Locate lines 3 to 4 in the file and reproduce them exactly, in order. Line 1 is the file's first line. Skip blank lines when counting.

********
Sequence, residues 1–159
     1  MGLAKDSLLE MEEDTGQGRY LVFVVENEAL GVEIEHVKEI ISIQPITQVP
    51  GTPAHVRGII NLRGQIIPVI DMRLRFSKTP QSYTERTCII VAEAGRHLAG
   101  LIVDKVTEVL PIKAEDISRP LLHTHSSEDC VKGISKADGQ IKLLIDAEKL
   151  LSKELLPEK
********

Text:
    51  GTPAHVRGII NLRGQIIPVI DMRLRFSKTP QSYTERTCII VAEAGRHLAG
   101  LIVDKVTEVL PIKAEDISRP LLHTHSSEDC VKGISKADGQ IKLLIDAEKL